As described, the PALA+ focuses heavily on traditional and individual level models, which are more limited in scope. The program’s current use of the Health Belief Model and Theory of Planned Behavior assumes that individuals will always plan and make their own decisions about food and activity, particularly if they are aware of the consequences of not exercising or eating well. Both of these approaches, in addition to the limited take on the ecological framework, need to be reconsidered and restructured to frame the intervention from a larger community level (12,14,15).
An alternative approach to the PALA program would be to tweak the program to incentive people to sign up for the program in groups or with people in their social network. The program is built on a strong foundation by having an option for people to sign up as a group; however, it is crucial to change social norms within a social network to promote healthy eating habits (16). Getting people to sign up together is an important first step, but the program will be even stronger by getting the larger community to maintain the habits. The PALA campaign could employ aspects of people’s social network, the social expectations theory and social marketing theory. The impact of obesity and promotion of healthy behaviors should be thought of from the influence of the environment on individual attitudes, actions and behavior in terms of nutrition and physical activity (17). Specifically, information needs to be communicated from a community perspective with less focus on placing all of the responsibility on individuals to make positive behavior, as the decision is often influenced from outside factors (14).
Data from the Framingham heart study looking at social networks over thirty- two years suggests that obesity may spread in social networks and groups that depends on the nature of social ties (16). As described previously, obesity is largely caused by a lack of exercise and not making healthy eating choices. One factor that explains why social networks are associated with obesity is that someone might observe a friend gaining weight and then accept their own weight gain (16). Children and adolescents are highly influenced by their friends’ attitudes, values and eating habits both because of social norms and spending time with one another. The relevance of social influence also suggests that public health interventions must harness this same force to slow the spread of obesity and spread positive health behaviors (16,18), in part because people’s perceptions of their own risk may be influenced by those around them. Research has shown that weight loss programs that provide peer support and therefore modify the person’s social network, are more successful than those that do not (18). Therefore, it is pivotal to integrate this group-level thinking into the PALA+ program.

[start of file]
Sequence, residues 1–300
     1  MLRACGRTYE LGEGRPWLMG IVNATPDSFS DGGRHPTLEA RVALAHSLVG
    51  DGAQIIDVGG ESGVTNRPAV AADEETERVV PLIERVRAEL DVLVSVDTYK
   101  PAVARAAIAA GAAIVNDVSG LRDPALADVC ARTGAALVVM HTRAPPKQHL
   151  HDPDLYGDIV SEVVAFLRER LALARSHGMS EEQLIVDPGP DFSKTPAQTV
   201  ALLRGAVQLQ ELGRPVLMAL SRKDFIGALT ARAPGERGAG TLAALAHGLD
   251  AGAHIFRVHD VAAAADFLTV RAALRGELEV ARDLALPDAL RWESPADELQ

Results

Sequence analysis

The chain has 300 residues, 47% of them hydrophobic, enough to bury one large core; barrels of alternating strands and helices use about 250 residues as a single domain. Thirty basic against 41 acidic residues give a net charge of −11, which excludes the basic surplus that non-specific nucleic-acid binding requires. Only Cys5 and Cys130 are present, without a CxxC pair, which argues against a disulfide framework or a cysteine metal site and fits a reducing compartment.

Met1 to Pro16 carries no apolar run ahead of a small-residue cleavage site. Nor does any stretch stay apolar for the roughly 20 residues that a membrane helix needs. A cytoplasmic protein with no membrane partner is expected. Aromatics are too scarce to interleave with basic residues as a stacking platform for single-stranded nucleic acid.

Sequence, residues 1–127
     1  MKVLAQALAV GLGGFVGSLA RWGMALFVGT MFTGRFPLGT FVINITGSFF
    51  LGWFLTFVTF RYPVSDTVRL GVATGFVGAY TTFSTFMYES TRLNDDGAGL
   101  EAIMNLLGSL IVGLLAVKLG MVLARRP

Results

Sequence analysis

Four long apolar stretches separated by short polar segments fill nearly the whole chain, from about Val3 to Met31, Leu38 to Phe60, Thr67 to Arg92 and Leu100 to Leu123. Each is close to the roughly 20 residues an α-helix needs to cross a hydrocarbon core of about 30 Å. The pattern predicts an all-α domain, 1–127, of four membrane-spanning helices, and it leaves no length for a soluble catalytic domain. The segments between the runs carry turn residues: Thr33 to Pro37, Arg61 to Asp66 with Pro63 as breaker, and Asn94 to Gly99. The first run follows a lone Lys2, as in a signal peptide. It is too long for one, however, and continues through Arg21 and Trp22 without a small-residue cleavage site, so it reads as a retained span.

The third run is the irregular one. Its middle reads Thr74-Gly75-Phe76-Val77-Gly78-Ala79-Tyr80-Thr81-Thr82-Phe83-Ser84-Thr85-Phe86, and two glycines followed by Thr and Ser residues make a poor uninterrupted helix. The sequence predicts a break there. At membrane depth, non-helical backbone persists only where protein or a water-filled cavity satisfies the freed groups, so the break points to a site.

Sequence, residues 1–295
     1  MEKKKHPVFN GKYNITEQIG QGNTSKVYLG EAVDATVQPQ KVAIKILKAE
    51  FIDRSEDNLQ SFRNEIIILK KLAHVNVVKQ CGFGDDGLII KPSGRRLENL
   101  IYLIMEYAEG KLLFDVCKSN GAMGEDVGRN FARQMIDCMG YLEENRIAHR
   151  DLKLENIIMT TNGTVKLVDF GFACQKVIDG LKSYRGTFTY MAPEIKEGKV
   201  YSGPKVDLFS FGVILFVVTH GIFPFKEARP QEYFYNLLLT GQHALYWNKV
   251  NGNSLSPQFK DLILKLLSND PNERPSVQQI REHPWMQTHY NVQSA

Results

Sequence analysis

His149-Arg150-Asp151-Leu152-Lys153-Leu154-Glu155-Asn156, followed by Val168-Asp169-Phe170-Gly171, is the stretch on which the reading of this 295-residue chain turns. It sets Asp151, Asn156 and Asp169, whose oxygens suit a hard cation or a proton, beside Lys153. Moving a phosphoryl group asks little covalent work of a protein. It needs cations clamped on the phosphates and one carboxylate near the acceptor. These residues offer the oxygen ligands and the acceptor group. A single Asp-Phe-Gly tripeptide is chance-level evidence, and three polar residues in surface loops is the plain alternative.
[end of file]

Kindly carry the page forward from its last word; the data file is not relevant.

The proposed intervention would be to create incentives if people signed up as a group- whether that is a school, family, or social group. Although there are already ways to create joint accounts, there does not seem to be an additional incentive for people to do this. The current model disregards the research positing that people’s behavior is largely influenced by other people that they spend a significant amount of time with (18). As described before, even if one person signs up on their own- it may not be effective because their networks are not following the same patterns. Because social networks could spread positive behaviors, working on maintaining a healthy weight and exercising would be easier as a collective group; people could work out together, cook healthy meals together and hold each other accountable to maintain these behaviors. For example, the PALA+ program could reward groups who meet their goals with free exercise classes or coupons for healthy restaurants. There could also be online education modules that explain games and sport activities for larger groups, that children, teachers or families could reference to get further ideas. Currently, there is information on the website for ways that people can exercise on their own, such as doing sit ups, but there was a lack of group-wide activity suggestions (9).
Social expectations theory:
A study looking at the associations of physical activity and healthy eating on social norms suggests that social norms are important determinants that have a strong influence on healthy behaviors (19). For example, this study showed that women who observe many other people engaging in physical activity or eating behaviors might come to view these behaviors as normative, or socially desirable, and therefore may adopt the same behaviors due to either a positive attitude about the behaviors, a shared belief in their value or a social urge to fit into society (19). Social norms are considered to be general rules that guideline behavior within groups, and these influences play a crucial role particularly in adolescents (20,21). If many people are doing something (such as eating unhealthy or living a sedentary lifestyle filled with children’s videogames), or thinking something (such as that this behavior is pleasurable), then their actions and thoughts could convey what other individuals should think or do (21,22).